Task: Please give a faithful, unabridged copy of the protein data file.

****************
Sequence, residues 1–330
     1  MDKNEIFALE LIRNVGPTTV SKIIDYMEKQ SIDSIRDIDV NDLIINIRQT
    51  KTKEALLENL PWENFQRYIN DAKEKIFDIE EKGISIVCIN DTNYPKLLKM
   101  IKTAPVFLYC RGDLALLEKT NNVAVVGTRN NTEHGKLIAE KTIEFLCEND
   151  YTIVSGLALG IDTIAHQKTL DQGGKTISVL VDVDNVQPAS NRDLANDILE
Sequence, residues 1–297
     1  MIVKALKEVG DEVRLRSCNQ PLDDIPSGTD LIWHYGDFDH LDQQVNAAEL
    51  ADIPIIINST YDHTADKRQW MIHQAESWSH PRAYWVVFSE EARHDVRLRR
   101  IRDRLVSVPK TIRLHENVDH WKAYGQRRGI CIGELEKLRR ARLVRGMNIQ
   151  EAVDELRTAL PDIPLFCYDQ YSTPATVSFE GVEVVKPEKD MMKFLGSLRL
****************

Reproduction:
Sequence, residues 1–330
     1  MDKNEIFALE LIRNVGPTTV SKIIDYMEKQ SIDSIRDIDV NDLIINIRQT
    51  KTKEALLENL PWENFQRYIN DAKEKIFDIE EKGISIVCIN DTNYPKLLKM
   101  IKTAPVFLYC RGDLALLEKT NNVAVVGTRN NTEHGKLIAE KTIEFLCEND
   151  YTIVSGLALG IDTIAHQKTL DQGGKTISVL VDVDNVQPAS NRDLANDILE
Sequence, residues 1–297
     1  MIVKALKEVG DEVRLRSCNQ PLDDIPSGTD LIWHYGDFDH LDQQVNAAEL
    51  ADIPIIINST YDHTADKRQW MIHQAESWSH PRAYWVVFSE EARHDVRLRR
   101  IRDRLVSVPK TIRLHENVDH WKAYGQRRGI CIGELEKLRR ARLVRGMNIQ
   151  EAVDELRTAL PDIPLFCYDQ YSTPATVSFE GVEVVKPEKD MMKFLGSLRL